Missouri Supreme Court addresses R.S.Mo. 287.020(2) in Its Denial of Workers’ Compensation Benefits

In its Opinion issued May 29, 2012, the Missouri Supreme Court reversed the Labor and Industrial Relations Commission’s award of workers’ compensation benefits to an employee who was injured in an office kitchen after making coffee. Johme v. St. John’s Mercy Healthcare, No. SC92113 (Mo. banc 2012).

“Sandy Johme was employed by St. John’s Mercy Healthcare as a billing representative.” Id. at p. 2. “It was customary in the office that the employee who took the last cup of coffee would make another pot of coffee.” Id. “Consistent with her office’s policies, Johme remained ‘clocked-in’ to her job during her coffee break and while making coffee.” Id. Johme was injured when she fell in the office kitchen after she made the coffee. Id. at 3.
“Johme sought workers’ compensation benefits related to her fall.” Id. at 4. An administrative law judge denied her claim finding she “was not performing her [work] duties at the time of her fall at work. [She] just fell and she would have been exposed to the same hazard or risk in her normal [nonemployment] life”.

Id.

Johme appealed this decision to the Commission who overturned it finding that “coffee in the office kitchen was provided by St. John’s for use by its employees, that employees were not required to ‘clock out’ before getting coffee, and that it is customary for the employee who took the last cup of coffee to make a new pot”. Id. at 4-5. “The Commission found that Johme’s injury was compensable in workers’ compensation after applying the ‘personal comfort doctrine’ together with the requirements of section 287.020.3(2).” Id. at 7. “Because it determined that Johme’s act of making coffee was ‘incidental to and related to her employment,’ the Commission found that it did not need to determine under section 287.020.3(2)(b) whether Johme would have been equally exposed to the hazard or risk that caused her injury during her normal non-employment life.” Id. St. John’s appealed this ruling.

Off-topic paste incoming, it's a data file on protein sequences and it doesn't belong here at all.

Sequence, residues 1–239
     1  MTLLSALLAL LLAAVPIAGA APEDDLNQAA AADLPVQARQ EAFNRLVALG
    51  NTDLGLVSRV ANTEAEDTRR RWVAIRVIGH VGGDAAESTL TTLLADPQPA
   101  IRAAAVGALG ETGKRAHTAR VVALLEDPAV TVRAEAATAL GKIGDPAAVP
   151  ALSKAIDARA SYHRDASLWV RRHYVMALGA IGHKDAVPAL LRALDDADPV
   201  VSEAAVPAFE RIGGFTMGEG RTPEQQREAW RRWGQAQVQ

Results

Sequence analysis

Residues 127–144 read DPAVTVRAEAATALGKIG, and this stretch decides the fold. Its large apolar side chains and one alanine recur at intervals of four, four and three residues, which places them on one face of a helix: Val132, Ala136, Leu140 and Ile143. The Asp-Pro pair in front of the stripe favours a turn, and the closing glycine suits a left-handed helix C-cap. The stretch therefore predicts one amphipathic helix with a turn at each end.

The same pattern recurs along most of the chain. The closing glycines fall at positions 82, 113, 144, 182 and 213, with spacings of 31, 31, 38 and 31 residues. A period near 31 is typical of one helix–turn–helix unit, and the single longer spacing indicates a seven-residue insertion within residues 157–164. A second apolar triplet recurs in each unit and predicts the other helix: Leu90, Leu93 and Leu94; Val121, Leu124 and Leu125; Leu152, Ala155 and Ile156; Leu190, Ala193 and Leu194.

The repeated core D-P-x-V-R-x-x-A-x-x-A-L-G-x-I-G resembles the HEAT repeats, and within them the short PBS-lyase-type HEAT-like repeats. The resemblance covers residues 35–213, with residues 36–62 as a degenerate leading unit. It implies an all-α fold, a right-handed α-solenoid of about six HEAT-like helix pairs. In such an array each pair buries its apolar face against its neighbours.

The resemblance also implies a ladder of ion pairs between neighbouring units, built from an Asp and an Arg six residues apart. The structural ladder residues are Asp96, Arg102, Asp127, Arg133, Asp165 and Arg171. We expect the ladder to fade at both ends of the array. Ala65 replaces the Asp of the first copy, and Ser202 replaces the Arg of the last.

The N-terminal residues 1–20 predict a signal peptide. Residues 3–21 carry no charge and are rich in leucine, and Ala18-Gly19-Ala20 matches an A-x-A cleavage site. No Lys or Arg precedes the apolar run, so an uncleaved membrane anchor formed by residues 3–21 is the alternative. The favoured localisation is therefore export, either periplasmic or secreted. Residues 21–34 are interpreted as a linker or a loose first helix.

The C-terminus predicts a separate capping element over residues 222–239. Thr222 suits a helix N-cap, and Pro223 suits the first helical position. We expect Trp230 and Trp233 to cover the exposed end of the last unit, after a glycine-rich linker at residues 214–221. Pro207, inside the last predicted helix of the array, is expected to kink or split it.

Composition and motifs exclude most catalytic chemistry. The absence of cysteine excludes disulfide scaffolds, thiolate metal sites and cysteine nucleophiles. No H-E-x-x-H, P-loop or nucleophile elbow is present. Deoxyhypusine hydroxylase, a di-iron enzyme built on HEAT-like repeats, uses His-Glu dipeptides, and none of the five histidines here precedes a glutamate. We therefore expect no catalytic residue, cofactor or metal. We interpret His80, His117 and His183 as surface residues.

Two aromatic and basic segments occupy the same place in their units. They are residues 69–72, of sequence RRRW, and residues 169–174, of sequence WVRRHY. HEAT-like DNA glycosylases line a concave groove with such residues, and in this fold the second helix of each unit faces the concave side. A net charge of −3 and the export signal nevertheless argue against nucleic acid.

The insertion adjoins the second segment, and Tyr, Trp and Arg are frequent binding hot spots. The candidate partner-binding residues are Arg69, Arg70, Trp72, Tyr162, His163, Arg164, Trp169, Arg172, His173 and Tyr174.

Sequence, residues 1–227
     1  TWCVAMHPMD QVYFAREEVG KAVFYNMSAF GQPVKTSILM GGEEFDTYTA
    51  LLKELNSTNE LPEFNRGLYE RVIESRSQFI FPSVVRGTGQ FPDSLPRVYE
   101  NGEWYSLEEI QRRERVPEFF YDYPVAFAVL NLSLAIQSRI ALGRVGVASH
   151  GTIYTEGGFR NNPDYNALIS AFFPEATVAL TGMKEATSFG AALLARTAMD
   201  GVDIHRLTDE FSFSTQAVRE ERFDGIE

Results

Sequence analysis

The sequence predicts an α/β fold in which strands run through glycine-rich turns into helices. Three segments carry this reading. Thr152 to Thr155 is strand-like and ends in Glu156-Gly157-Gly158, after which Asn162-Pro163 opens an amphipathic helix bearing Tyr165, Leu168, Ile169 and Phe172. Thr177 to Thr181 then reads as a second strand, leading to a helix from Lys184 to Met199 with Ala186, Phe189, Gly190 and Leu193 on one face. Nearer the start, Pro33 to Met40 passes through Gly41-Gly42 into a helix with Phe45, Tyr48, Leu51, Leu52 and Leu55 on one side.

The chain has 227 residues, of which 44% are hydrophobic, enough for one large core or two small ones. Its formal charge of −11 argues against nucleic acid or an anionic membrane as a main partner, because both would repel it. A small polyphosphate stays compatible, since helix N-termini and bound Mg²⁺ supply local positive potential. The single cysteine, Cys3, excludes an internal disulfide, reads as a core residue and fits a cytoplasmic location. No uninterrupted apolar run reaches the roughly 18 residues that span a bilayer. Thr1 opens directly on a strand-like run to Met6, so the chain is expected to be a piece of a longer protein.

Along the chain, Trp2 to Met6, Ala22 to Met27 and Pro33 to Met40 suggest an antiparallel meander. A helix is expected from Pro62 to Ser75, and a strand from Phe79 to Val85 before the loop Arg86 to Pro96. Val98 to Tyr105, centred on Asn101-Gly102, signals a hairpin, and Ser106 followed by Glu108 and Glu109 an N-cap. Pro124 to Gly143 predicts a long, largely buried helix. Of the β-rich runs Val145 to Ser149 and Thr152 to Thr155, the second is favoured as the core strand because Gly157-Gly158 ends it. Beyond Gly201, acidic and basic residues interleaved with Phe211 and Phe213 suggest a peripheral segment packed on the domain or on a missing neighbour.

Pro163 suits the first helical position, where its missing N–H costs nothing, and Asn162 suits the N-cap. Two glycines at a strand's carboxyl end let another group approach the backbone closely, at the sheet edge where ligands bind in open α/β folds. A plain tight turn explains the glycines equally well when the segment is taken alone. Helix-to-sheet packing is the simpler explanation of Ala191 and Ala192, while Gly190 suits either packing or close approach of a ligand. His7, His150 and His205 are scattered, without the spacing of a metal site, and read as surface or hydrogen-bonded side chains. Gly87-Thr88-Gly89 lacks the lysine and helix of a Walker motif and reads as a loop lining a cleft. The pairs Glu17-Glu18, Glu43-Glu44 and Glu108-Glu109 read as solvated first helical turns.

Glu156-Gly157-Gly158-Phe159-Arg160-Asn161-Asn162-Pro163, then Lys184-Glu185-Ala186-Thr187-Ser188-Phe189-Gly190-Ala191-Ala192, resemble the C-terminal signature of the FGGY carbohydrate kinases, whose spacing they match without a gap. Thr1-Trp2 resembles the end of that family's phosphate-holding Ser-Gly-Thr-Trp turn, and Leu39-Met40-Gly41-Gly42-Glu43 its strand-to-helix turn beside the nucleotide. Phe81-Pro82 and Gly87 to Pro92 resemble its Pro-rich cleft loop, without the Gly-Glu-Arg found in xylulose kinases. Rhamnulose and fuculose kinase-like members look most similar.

In its review, the Missouri Supreme Court found that Johme’s injury would be compensable in workers’ compensation “only if it arose out of and in the course of her employment pursuant to section 287.020.3(2)”. Id. at 9. Recognizing the legislature’s intent, the Court strictly construed the provisions of section 287.020.3(2). Id. at 10. The issue was confined to the application of this subsection which instructs that Johme’s injury “shall be deemed to arise out of and in the course of [her] employment only if … it [did] not come from a hazard or risk unrelated to [her] employment to which [she] would have been equally exposed outside of and unrelated to [her] employment in [her] normal employment life”. Id. citing sec. 287.020.3(2)(b) and Miller v. Missouri Highway & Transportation Commission, 287 S.W.3d 671 (Mo. banc 2009).

The Court found Miller’s holding controlling and decided that there was no evidence showing Johme was not equally exposed to the cause of injury outside the workplace. Id. at 13. “Johme’s injury was not compensable in workers’ compensation because she failed to show that her injury ‘[arose] out of and in the course of [her] employment’ as mandated by section 287.020.3(2). Id. at 14.
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